• Fausto Carmona - Who's to say he can't get back to the 2.6 BB/9 days of 2007?
  • Felipe Lopez - Looks like a $7 player to me, with double digit power and speed.
  • Travis Snider - Projections for him aren't massive, but the scouting reports suggest he could do a lot more.
  • Tommy Hanson - Would be worth nearly $10 with 200 innings, so if he's starting regularly at any point he's easily worth rostering.
  • Andy Sonnanstine - The 87 mph fastball doesn't do much for fantasy leaguers, but the double digit wins and sub-1.30 WHIP should.  He walked just 1.72 per nine last year.
  • Joel Zumaya - Wants to take the closer job from Brandon Lyon.
  • Colby Rasmus - Batting average might not be there, but he should be a power/speed guy from the get-go.
  • Clay Buchholz - Like Hughes, he has the talent to force his way into the picture as a sort of post-hype sleeper.
  • Mike Fontenot - Could blast 15 HR as a 2B.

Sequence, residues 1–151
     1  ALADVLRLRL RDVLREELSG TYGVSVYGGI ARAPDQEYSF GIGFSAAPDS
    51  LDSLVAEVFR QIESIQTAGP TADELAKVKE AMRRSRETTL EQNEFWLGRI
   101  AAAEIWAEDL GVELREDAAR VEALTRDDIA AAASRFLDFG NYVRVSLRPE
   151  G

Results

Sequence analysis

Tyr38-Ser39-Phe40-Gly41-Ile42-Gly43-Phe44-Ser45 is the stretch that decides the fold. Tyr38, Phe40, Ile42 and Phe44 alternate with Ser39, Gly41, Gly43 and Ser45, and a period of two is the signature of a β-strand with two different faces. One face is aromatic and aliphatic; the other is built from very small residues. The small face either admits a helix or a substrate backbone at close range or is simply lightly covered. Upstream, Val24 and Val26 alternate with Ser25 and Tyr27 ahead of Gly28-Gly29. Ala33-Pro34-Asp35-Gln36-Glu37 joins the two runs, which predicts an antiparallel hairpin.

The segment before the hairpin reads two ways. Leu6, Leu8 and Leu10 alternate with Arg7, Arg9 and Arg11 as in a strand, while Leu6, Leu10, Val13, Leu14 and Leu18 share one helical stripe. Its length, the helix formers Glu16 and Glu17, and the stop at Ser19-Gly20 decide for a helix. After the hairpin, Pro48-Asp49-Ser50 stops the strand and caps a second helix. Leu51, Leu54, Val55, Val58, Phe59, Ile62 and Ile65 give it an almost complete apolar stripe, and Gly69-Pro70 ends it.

• Ian Snell - Whiffed 177 batters in '07.
  • J.R. Towles - Astros catcher hit well at Triple A, and runs a bit.  Right now he has a great opportunity to earn the starting job.
  • David Purcey - Could whiff 170 with 200 innings, and is penciled in for a rotation spot in Toronto.

Who are your undrafted players to watch for mixed leagues in 2009?

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Roto Rebel

I used to work with Jonathan Gangi at RotoWorld, and he's always a good read.  He has a new site called Roto Rebel.  Check out this post - five things he hates about fantasy baseball.  Trying to think of what I might add to the list...league members voting on trades comes to mind.  But he's right...nothing kills a league faster than a crazy commissioner.

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2009 Fantasy Baseball Projections

Click here to download our 2009 fantasy baseball projections, with dollar values for a 12 team 5x5 mixed league.  The dollar values reflect 23-man active rosters: C, C, 1B, 2B, SS, 3B, MI, CI, OF, OF, OF, OF, OF, DH, and 9 pitchers.  The categories used are AVG, HR, RBI, R, SB, ERA, WHIP, W, SV, and K. 

It's easy to filter by position within this spreadsheet.  If you want to see all the 1Bs with 20 games played, click the dropdown next to 1B, go to Custom..., and change it to greater than or equal to 20.  Boom, your first base rankings.  If you want to see all the MIs, hit the MI dropdown and go to y.

I suggest using these or any other projections as a guide, tweaking the numbers to fit your own beliefs.  I tinker with these often, and feedback on individual players is welcome.